"Changes were small, so the clinical significance is limited. But maybe if these patients were on the drugs for longer, then some patients might progress [decline in renal function] more rapidly," remarked Dr Hinton.

"There is some suggestion that patients on imatinib were getting worse quicker than those on other TKIs but numbers are too small to draw concrete conclusions on that," he added.

Discontinuation of TKIs – First Evidence of Patient-Reported Outcomes

Dr Hinton says that the results support the monitoring of patients for renal function when on TKIs. "We cannot say for sure that TKIs cause a decline in renal function. But there’s also a suggestion that there’s a possible reason to stop TKIs and see what happens to a patient’s renal function."

At the American Society of Clinical Oncology (ASCO) 2019 Annual Meeting, Medscape Medical News reported that TKIs had made such an impact in the treatment of CML that life expectancy for patients was now similar to that of the general population, provided patients continue on therapy.

However, it was also reported that evidence shows TKI therapy can be stopped for some CML patients. Long-term results from a follow-up of ENESTop, show treatment-free remission in approximately 50% of patients, 3.7 years after stopping treatment. The finding that TKIs might be associated with renal function decline might play into this decision.

The recent study in JAMA Oncology by Dr Atallah and colleagues, the Life After Stopping TKIs (LAST) study enrolled 172 patients and evaluated molecular recurrence and patient-reported outcomes after TKI discontinuation (imatinib, dasatinib, nilotinib, or bosutinib) in patients with well-controlled CML. Median follow-up was 42 months.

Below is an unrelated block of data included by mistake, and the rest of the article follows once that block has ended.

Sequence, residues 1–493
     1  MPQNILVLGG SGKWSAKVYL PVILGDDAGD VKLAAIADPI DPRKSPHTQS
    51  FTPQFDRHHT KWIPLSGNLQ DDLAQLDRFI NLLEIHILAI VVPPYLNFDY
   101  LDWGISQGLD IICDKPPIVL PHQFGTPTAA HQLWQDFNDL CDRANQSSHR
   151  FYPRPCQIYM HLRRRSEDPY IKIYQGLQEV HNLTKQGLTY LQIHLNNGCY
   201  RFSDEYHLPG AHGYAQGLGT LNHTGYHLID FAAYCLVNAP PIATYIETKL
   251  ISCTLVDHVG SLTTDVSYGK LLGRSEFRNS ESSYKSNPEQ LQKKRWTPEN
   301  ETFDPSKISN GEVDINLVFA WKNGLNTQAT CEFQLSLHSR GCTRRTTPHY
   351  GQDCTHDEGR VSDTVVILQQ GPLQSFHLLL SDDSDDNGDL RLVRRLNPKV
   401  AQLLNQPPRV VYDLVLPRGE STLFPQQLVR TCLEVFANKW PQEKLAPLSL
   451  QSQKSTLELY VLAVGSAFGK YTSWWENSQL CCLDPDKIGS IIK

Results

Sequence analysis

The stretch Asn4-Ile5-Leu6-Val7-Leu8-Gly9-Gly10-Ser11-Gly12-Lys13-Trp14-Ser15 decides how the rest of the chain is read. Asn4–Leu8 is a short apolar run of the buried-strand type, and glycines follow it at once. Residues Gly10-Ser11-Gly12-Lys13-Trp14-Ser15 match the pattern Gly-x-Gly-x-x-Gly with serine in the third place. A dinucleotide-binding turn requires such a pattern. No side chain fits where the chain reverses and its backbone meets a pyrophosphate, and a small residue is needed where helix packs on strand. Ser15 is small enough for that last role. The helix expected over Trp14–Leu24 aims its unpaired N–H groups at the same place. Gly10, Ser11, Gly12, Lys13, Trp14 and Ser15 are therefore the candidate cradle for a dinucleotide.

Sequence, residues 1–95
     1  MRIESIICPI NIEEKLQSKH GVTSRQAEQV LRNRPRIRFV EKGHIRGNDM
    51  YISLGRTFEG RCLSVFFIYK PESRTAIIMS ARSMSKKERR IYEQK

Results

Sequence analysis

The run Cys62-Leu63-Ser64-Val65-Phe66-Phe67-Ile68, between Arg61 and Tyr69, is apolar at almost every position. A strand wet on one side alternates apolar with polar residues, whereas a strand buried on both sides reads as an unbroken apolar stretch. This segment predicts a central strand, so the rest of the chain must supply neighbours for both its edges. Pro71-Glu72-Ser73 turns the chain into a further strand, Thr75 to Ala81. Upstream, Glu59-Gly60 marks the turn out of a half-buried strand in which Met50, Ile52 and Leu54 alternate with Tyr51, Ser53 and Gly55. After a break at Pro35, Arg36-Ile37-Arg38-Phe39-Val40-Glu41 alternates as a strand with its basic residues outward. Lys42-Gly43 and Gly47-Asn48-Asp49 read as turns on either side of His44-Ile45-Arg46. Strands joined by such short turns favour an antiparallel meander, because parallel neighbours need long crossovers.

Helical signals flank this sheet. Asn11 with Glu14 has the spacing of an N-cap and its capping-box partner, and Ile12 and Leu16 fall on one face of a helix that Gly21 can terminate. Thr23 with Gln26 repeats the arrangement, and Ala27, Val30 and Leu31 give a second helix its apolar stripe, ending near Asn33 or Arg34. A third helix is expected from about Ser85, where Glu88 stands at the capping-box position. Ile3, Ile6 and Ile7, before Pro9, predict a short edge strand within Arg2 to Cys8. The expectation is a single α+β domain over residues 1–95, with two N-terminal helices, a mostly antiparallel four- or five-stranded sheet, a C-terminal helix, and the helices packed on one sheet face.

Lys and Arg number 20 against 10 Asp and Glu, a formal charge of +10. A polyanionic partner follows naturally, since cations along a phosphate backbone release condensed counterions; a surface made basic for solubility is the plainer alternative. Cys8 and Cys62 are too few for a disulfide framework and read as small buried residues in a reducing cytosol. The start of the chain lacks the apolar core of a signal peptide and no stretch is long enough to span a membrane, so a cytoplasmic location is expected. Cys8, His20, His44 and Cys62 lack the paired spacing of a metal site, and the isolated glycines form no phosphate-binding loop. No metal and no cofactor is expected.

Results showed that discontinuation of TKIs is safe and is associated with the successful achievement of treatment-free remission for some patients (a total of 60.8% of patients remained in treatment-free remission) and was associated with improvements in patient-reported outcomes. Dr Atallah points out that these findings should assist patients and physicians in their decision-making regarding discontinuation of TKIs. 

In a commentary published to accompany the paper, Dr Theodore Braun, and Brian Drucker from Oregon Health & Science University, Portland, US, said it was the first study to look at patient-reported outcomes in CML patients in treatment-free remission who have discontinued TKI.

"Assessed 12 months after discontinuation, patient-reported outcomes showed clinically meaningful improvements in fatigue, depression, gastrointestinal upset, sleep, and pain. These findings provide objective evidence that important measures of quality of life do improve off of therapy," they write.

"The importance of proper monitoring after discontinuation cannot be over emphasised," asserted Dr Atallah.

COI: Dr Hinton has declared no relevant conflicts of interest. Dr Atallah reports Consultancy/Honoraria: BMS, Takeda, Novartis, and research support: Novartis, Takeda. Dr Druker reports receiving funding from the Howard Hughes Medical Institute; grants from the National Cancer Institute; personal fees from Aileron Therapeutics, Therapy Architects, Amgen, Aptose Biosciences, Iterion Therapeutics, Blueprint Medicines, the Burroughs Wellcome Fund, Cepheid, GRAIL, Enliven Therapeutics, the Novartis CML molecular monitoring steering committee, the RUNX1 Research Program, VBL Therapeutics, Vincera Pharma, Vivid Biosciences, Celgene, Gilead Sciences, and ICON; and additional support from Enliven Therapeutics, Novartis, Bristol Myers Squibb, and Pfizer; he also reports a patent with royalties paid from Novartis for a treatment for gastrointestinal stromal tumors. No other disclosures were reported.

British Society of Haematology (BSH) 2020 virtual meeting. 9-14th November, 2020. Presented as a poster. Abstract number 053.